Sigma has been on a bit of a roll recently, introducing a range of new, compact lenses for both L-Mount and E-Mount cameras. The wide-angle 24mm F2.0 DG DN Contemporary prime lens is one of the most recent lenses in the I series, and offers a relatively bright aperture for its size, whilst also being lightweight at 365g.
Sigma has now released a total of six I series lenses, which started with the 45mm F2.8 DG DN, a compact and lightweight lens that was released at the same time as the rather compact Sigma fp. As Sigma are part of the L-Mount alliance, this lens is available in L-Mount and E-Mount, designed for full-frame mirrorless cameras.
Sigma 24mm F2 DG DN Features
The Sigma 24mm F2 DG DN lens is part of the I series of full-frame prime lenses for mirrorless cameras, with E-Mount and L-Mount versions available. The lenses are part of a range of more compact lenses, made to match the more compact full-frame mirrorless cameras available, with cameras from Sigma, Panasonic coming in L-Mount, including the Sigma fp, and Panasonic Lumix S5, and Sony’s E-Mount cameras such as the Sony Alpha A7 IV, and Sony A7C.
Designed from the ground-up for full-frame mirrorless cameras, Sigma has been able to design a lens with optical correction where it is needed, for example, where optical issues can’t be corrected by software afterwards. And by correcting some of the optical issues in software, Sigma has been able to optimise the size. For example, correcting vignetting is an easy task for a camera’s built-in lens correction, and this has allowed them to make a smaller lens than they would have otherwise needed to produce.
The lens is designed to give high levels of optical performance, even when shooting at the maximum aperture of f/2.0.
The lens is made up of 13 elements in 11 groups, with 2x SLD elements, 1x FLD glass, and 2x aspherical lens elements. Sigma say this optical construction enables excellent correction of various aberrations, as well as suppressing sagittal coma flare, making it ideal for night sky photography.
There are 9 rounded diaphragm blades, which should give smooth round bokeh.
There’s a minimum focus distance of 24.5cm / 9.7inches, and the filter thread size is 62mm
The lens measures 70x74mm (E-Mount), or 70x72mm in L-Mount, with a weight of 360g in E-Mount, or 365g in L-Mount. This makes it suitably lightweight for smaller cameras as well as larger models. On the Sony Alpha A7 III, it feels like just the right size, being quite portable.
Like the other I series lenses, the build of the lens is an all-metal construction, with precision-cut aluminium, as well as a durable brass bayonet mount. This gives the lens a premium quality to it that goes beyond the “Contemporary” labelling. So, despite the “Contemporary” range being Sigma’s “entry-level” range, there’s nothing entry-level about this lens when it comes to build-quality, except for perhaps the lack of full weather-sealing.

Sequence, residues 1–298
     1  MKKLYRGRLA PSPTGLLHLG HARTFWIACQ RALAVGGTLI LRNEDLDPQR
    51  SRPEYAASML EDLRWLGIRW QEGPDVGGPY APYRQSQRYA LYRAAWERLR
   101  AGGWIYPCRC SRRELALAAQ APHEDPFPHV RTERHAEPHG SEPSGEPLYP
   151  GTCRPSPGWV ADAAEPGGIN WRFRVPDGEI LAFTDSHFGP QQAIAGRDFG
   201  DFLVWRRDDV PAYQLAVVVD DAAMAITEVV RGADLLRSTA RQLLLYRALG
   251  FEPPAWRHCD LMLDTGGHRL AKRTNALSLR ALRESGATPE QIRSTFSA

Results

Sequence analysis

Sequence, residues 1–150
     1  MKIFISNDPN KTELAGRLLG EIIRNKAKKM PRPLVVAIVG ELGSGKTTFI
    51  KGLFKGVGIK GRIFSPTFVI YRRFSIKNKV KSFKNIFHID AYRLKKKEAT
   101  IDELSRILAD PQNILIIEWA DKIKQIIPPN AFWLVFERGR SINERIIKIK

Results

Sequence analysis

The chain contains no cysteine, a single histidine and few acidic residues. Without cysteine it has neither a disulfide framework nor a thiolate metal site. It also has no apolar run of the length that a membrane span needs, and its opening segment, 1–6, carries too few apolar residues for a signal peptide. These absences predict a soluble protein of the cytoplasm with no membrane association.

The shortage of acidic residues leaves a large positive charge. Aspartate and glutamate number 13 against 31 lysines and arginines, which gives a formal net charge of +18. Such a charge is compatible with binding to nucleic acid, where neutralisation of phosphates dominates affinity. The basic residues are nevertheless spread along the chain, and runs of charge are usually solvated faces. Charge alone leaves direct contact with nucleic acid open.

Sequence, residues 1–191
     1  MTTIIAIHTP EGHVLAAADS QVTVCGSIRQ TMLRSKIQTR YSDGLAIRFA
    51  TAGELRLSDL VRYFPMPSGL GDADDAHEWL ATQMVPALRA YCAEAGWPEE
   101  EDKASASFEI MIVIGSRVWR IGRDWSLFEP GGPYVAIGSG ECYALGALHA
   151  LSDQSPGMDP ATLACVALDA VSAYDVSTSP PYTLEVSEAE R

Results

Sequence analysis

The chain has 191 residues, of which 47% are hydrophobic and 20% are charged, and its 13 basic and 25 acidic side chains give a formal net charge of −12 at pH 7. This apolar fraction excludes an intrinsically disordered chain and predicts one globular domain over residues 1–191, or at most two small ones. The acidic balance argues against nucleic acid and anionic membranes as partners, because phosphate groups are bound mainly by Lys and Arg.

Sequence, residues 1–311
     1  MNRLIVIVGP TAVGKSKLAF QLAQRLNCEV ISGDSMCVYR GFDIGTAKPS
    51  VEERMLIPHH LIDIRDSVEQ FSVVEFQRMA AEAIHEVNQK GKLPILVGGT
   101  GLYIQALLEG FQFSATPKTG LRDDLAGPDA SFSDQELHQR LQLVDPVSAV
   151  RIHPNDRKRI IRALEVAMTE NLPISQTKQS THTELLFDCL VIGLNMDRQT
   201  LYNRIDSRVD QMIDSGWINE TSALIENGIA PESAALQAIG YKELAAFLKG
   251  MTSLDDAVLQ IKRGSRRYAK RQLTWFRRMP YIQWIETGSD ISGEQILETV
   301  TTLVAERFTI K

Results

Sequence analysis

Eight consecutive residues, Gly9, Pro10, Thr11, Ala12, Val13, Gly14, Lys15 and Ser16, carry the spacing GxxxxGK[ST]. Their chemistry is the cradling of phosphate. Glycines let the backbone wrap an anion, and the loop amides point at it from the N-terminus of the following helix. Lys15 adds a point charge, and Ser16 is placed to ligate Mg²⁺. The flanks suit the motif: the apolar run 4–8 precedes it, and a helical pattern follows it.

Whilst the lens is not specifically weather-sealed, it can be considered “weather-resistant” with an oil and water resistant coating on the front of the lens, as well as a dust and splash resistant mount, thanks to there being a rubber seal on the rear.
The lens uses a high-speed stepping motor, which gives quiet, and fast AF performance.
The lens features Sigma’s Super Multi-layer coating to suppress flare and ghosting, preventing reflections within the lens.
There’s a solid metal ring for the aperture control, and this adds a nice level of manual control to the camera in comparison to the many lenses that don’t feature an aperture ring. The aperture ring gives you a range from f2.0 to f22, as well as an A/Auto position, with 2 stops in-between the main aperture settings. There is a stronger level of resistance between A and the aperture settings, to help you avoid accidentally switching between these. There is no clickless option.
The lens doesn’t feature optical image stabilisation, and therefore if you would like to have image stabilisation, you’ll need to ensure you pair the lens with a camera with in-body image stabilisation (IBIS).
In the box you get the choice of a standard lens cap, or the magnetic metal lens cap. You’ll also find a petal shaped lens hood, that is made out of metal. It’s also compatible with the Sigma USB Dock UD-11.
Sigma 24mm F2 DG DN Build and Handling
The metal lens is designed to be ergonomic, and for the most part it is, however, one thing I noticed was the somewhat angular nature of some of the edges. Whilst not sharp as such, they could be considered jarring if you’re being fussy.
In terms of ergonomics, the manual focus ring feels good, and there is a great level of grip on offer here.
The aperture ring has neatly designed ribbing for grip, with this raising up from a smooth surface at the edges of the labelling. The aperture ring features click stops, and there is no option to de-click the aperture ring.
Speaking of labelling, the printing on the lens is particularly impressive, being etched and painted rather than simply being painted or printed on, meaning that even with wear, the labelling should stay intact, and never rub off.
There’s a side AF/MF switch, letting you switch quickly between auto-focus and manual focus without having to use a function button or menu setting, and that’s it for switches. There are no function buttons.
The focus ring is very smooth in operation, with an electronic fly-by-wire design, with no stops, so that means once you’ve reached the focus limit, you can continue turning the focus ring and nothing happens.
A magnetic lens cap is provided in the box, as well as a standard plastic lens cap. This is a nice added bonus to find in the box, but if you’re planning on using a filter, then you’ll need to switch back to the standard plastic lens cap.